When he finished his master's in the summer of 1966, he had about a dozen job offers and took one with a company in Redondo Beach, California called TRW. He wrote programs for top secret spy satellites. Then he transferred to Houston in 1968 to support the Apollo space program.

If you've seen Hidden Figures, you may recall that a mathematician named Katherine Johnson checked and confirmed computer-generated trajectories and entry points for John Glenn's historic 1962 orbit of Earth in a Mercury space capsule. The trajectories were calculated by mainframe computers. Just a few years later, O'Rear was writing algorithms for a mainframe to calculate reentry paths for Apollo command modules returning from the moon to ensure that they didn't skip off the atmosphere, burn up or splash down too far away for Navy ships to reach quickly. He felt a lot of pride when the astronauts returned to Earth safely.

"It was exciting, and it took an awful lot of work," he said. "It was very similar to the Microsoft experience in the sense that you worked very hard and you played hard. And that you were doing something that you felt was really important."

NASA's Mission Control staff in Houston on the first day of the Apollo 10 mission in May 1968.

Giving Back

After Apollo, O'Rear worked on various military and aerospace projects and co-founded a company that made automated manufacturing systems.

In 1977, a friend told him about a six-person software company in Albuquerque, New Mexico, looking to hire someone with programming and math skills.

"He told me about this young guy, Bill, who was running the company and looked about 13 but was very knowledgeable about computers," O'Rear said. "I interviewed with Bill Gates and Paul Allen. It took no time to realize that both of them were very talented."

He joined the team, and it grew to 12 people. They moved to Bellevue, Washington, in January 1979. The following year, they would receive that fateful call from IBM.

After the successful launch of the IBM PC, with MS DOS at its core, O'Rear went on to open Microsoft subsidiaries in Europe, Latin America, the Middle East, Hong Kong and South Africa. He retired in 1993.

In his retirement, O'Rear joined the advisory council for UT Austin's College of Natural Sciences and helped raise funds for a new computer science building.

"Before that building, they were scattered all over campus," said O'Rear. "They didn't have their own building or identity. And it was hampering their ability to attract young new professors into the computer science department."

He convinced his longtime friend Bill Gates to contribute to the effort. As the fundraising effort for what would become the Gates-Dell Computer Science Building was nearing its goal, O'Rear wanted to find a way to thank Gates. So the former Microsoft employee donated funds to create a student research program in Gates' honor that would advance one of the billionaire's major interests: global health. That program, called DIY Diagnostics, is a research stream within the Freshman Research Initiative. Student researchers in the stream work on a range of projects from developing apps to detect skin cancer to crafting a cheap, portable device for testing mosquitos to see if they carry diseases such as malaria or Zika.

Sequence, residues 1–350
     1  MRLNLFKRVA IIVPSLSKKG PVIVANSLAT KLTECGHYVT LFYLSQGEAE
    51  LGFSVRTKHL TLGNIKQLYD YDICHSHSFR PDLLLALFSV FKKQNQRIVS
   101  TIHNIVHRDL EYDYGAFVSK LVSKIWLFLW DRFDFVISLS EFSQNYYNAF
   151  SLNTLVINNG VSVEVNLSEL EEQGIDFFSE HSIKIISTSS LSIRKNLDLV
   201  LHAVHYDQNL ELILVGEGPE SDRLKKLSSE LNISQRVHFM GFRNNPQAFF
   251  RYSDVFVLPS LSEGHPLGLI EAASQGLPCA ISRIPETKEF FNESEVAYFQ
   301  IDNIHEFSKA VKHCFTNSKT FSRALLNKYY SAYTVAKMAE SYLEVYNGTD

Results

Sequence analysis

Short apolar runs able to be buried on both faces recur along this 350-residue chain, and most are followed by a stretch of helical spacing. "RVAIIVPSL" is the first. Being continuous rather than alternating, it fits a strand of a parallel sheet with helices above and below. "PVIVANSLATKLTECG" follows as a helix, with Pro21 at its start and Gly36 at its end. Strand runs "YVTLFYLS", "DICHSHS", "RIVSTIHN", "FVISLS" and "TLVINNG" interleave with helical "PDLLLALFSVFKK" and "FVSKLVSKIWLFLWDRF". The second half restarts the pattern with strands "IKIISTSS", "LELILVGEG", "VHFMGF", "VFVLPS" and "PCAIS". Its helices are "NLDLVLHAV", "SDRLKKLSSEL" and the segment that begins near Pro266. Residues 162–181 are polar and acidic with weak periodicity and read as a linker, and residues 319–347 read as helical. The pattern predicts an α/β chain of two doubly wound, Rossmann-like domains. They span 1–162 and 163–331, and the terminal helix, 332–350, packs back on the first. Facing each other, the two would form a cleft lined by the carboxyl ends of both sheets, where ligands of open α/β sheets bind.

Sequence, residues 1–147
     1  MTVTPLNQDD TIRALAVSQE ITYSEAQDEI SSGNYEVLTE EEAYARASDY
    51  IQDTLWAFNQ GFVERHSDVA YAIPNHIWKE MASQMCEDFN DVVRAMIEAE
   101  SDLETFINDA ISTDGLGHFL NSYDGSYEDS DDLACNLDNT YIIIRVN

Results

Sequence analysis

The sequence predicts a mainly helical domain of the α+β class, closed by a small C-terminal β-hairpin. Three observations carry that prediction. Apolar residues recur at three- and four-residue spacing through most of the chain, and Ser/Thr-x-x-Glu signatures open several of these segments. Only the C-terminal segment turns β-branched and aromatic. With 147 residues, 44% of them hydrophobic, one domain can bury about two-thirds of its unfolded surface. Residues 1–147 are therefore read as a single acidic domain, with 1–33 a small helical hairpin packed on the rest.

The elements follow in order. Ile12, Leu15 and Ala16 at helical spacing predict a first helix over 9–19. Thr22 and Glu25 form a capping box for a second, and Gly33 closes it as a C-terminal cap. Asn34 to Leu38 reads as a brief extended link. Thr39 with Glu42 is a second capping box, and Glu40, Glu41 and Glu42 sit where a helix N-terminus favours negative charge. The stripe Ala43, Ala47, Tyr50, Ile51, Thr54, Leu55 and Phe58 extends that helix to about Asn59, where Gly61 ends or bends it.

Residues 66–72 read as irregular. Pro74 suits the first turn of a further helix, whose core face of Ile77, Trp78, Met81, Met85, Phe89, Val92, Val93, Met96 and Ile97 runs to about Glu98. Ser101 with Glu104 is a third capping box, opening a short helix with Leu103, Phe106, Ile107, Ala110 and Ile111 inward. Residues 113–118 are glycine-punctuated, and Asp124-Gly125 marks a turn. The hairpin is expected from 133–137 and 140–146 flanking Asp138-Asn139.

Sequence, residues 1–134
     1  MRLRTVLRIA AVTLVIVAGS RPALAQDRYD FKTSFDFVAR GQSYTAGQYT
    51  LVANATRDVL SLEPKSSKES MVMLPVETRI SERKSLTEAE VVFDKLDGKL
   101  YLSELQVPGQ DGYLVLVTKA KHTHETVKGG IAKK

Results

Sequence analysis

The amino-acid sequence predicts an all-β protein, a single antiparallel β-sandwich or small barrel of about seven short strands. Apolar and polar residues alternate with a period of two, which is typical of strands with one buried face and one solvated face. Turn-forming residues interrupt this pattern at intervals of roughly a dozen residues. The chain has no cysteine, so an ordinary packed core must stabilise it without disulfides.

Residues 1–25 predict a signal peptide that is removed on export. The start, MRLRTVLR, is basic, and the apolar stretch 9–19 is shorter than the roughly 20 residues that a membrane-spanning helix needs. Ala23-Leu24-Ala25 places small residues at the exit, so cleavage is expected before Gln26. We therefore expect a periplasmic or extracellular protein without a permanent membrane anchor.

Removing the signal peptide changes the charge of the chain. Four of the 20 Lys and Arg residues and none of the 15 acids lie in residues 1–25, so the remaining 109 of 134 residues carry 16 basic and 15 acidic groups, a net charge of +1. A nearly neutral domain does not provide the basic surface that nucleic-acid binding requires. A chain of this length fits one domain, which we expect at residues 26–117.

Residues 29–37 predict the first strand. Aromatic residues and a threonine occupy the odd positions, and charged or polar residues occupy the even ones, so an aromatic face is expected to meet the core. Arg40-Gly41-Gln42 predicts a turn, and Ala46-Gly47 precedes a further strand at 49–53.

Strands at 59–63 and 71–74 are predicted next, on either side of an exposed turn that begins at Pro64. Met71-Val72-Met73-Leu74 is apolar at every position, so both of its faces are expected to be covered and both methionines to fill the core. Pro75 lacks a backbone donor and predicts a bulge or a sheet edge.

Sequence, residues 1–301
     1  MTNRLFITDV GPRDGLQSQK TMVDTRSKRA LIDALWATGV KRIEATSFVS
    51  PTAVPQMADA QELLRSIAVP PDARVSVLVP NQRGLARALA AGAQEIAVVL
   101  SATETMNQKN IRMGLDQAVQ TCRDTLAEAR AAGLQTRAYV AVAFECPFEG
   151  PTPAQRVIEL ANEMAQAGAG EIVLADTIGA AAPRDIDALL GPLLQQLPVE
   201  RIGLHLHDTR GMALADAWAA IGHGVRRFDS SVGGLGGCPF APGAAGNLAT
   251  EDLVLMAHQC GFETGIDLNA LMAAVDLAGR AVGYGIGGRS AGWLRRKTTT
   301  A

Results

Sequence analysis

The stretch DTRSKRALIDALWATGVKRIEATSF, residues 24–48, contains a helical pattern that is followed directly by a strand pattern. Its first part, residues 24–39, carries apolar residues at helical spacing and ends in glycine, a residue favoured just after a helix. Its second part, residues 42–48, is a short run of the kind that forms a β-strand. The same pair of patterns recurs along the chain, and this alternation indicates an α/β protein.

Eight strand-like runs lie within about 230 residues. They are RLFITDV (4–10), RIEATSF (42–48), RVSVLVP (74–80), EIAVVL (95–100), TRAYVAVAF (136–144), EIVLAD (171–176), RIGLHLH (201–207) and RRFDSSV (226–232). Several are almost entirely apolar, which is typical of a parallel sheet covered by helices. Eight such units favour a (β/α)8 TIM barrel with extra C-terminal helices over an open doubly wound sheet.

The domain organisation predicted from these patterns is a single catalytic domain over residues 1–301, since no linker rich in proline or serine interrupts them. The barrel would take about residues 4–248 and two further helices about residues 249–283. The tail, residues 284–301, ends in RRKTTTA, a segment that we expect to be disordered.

"The big accomplishment here is that we're showing kids what research is like and how fun it can be," he said. "We'll develop plenty of additional scientists doing this. If they discover something important from the research, it will be the cherry on top of the sundae."

O'Rear now lives near Seattle, Washington, with his wife Cathy and continues to support the college, for example, through IRA transfers* to the college and activity on its advisory council. He says his time in graduate school on the Forty Acres made a huge mark on his career, from introducing him to astrophysics and computer programming, to connecting him with potential employers in the aerospace industry.

"My career would never have gone anywhere if it weren't for the University of Texas," said O'Rear. "That really opened the doors for me."

* IRA transfers allow individuals age 70½+ to avoid paying income tax on their mandatory IRA distributions by making a charitable donation to UT Austin directly from their IRA.

O'Rear provided the funding for the DIY Diagnostics research stream in the Freshman Research Initiative.

Note: Spring commencement is the time to reconnect with alumni, so this is the second post in our graduation-season series about CNS Alumni who Change the World. In this series, we highlight some of the outstanding people who got their start in UT Austin's College of Natural Sciences and went on to transform the world. You can also follow #CNSworldchangers online.

3 Lessons from Research About Supporting Mothers
Graduate Leaves Legacy of Giving Behind

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Thursday, 22 June 2017